Volker Bradke, 1966 “16 mm, s/w, 14:32 min.”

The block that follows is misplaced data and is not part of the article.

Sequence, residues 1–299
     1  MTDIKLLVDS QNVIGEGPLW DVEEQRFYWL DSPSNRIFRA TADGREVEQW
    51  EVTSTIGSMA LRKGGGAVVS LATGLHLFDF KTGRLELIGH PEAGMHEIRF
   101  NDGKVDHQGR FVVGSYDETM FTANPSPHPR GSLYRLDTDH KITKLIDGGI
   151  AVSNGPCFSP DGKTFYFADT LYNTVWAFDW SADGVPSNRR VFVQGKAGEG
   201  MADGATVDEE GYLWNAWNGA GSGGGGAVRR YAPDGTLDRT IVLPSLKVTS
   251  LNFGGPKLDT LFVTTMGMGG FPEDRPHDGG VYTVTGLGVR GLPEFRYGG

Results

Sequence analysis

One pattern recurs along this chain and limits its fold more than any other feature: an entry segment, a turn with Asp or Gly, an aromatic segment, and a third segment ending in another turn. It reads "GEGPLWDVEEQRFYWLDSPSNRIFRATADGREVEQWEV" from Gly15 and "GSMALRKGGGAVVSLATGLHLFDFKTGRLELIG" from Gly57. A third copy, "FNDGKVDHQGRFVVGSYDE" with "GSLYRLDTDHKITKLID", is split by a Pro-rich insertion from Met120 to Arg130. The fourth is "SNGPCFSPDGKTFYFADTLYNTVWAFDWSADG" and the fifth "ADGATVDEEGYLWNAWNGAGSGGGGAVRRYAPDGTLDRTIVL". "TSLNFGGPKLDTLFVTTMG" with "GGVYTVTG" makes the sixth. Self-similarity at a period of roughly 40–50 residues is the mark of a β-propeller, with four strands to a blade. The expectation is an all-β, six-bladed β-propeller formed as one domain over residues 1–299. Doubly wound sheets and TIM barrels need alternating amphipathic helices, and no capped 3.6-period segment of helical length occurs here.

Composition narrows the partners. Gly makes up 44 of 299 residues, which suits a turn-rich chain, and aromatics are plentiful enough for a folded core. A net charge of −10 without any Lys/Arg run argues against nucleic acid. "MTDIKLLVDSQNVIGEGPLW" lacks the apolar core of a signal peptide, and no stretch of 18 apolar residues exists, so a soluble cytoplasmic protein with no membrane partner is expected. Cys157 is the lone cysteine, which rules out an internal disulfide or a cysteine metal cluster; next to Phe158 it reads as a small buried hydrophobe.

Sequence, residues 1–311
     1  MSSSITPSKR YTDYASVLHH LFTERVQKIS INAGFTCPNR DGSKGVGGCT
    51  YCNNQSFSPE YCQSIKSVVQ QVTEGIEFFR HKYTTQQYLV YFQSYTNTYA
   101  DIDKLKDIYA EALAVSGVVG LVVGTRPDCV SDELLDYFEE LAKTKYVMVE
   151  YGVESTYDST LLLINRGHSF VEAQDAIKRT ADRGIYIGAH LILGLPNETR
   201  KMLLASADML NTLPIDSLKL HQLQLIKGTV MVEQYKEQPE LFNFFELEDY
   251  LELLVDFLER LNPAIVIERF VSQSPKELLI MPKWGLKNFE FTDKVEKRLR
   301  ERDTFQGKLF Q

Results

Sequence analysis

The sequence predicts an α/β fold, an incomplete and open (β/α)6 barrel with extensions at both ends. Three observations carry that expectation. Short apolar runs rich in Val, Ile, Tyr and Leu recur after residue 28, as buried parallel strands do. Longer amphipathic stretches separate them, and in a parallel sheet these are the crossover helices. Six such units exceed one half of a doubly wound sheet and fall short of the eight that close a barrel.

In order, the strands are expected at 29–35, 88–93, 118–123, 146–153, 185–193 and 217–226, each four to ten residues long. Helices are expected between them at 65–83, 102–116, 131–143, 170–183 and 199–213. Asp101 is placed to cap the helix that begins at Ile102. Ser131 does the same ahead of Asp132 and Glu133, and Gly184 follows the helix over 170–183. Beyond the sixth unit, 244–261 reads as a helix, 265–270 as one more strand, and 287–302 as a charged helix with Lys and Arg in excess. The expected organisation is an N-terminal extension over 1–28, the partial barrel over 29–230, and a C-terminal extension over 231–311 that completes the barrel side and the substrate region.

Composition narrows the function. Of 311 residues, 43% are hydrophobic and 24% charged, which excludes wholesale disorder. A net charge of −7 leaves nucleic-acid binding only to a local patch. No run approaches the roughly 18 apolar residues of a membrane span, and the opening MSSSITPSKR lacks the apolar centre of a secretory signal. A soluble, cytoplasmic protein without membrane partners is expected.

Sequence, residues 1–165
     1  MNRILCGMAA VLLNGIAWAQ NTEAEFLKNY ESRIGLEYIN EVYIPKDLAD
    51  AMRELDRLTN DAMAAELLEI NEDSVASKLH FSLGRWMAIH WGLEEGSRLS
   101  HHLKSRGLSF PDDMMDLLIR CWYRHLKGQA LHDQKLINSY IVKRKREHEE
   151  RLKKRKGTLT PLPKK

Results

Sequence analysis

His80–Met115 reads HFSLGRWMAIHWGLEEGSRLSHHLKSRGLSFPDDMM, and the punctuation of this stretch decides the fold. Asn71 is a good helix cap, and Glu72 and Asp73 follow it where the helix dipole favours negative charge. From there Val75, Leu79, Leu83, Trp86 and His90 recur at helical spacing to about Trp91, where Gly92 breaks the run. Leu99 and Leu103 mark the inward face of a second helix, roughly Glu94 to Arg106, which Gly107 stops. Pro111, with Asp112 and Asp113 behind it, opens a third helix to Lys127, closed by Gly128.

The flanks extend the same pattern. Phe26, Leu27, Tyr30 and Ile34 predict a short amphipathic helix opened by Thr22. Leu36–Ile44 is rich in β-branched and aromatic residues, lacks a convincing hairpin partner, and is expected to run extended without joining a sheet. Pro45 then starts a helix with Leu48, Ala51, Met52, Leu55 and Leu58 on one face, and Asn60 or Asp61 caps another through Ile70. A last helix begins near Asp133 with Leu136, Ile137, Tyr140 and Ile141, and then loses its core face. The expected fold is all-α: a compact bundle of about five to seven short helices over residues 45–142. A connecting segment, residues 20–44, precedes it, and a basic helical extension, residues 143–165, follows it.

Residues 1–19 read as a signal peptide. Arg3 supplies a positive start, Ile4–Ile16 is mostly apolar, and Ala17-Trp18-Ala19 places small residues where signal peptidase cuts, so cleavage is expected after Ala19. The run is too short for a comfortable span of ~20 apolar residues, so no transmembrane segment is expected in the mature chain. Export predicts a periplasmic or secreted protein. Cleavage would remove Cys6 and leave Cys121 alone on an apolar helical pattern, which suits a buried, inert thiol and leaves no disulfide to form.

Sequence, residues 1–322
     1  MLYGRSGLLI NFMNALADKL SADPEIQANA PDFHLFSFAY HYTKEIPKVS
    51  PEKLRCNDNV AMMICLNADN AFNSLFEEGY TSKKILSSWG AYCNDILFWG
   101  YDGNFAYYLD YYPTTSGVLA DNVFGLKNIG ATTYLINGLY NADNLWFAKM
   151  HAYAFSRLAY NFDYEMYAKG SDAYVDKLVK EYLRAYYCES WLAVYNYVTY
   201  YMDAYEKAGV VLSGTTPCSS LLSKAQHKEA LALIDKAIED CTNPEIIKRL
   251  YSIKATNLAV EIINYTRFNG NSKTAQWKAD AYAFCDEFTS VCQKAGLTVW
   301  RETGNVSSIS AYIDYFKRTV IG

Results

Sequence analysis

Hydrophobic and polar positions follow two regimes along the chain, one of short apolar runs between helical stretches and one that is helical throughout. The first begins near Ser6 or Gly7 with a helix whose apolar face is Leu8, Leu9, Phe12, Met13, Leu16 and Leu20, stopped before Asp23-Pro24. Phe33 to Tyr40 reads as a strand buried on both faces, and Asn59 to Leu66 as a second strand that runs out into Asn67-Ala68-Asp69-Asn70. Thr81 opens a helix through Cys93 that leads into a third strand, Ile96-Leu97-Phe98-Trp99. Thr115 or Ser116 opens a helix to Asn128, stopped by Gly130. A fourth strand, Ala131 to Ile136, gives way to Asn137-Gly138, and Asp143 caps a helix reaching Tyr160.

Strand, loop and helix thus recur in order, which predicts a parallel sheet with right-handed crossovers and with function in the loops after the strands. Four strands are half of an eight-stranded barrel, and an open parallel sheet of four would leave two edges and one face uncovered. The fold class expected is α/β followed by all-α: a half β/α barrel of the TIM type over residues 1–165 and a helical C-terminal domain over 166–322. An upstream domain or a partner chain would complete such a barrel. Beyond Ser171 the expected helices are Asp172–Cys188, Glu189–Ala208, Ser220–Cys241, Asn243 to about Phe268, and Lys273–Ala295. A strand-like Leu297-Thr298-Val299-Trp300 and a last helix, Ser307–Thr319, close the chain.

Few have done more to revolutionize contemporary painting than Gerhard Richter (born 1932). Amazingly–given the German artist’s fame and influence–his only film remains largely unknown to this day. Made in 1966, Volker Bradke focuses on a young denizen of the Dusseldorf art scene. It was first exhibited that same year along with a painted portrait and photographs (since lost), at the legendary Schmela Gallery in Dusseldorf. A virtually unknown figure outside of his small circle, Bradke was briefly catapulted by this film into the realm of art celebrity, before fading once more into relative obscurity. This publication, which includes a DVD and essay by art historian Hubertus Butin, is the first to present this film, analyzing it in its original cultural context, and situating it within the artist’s oeuvre.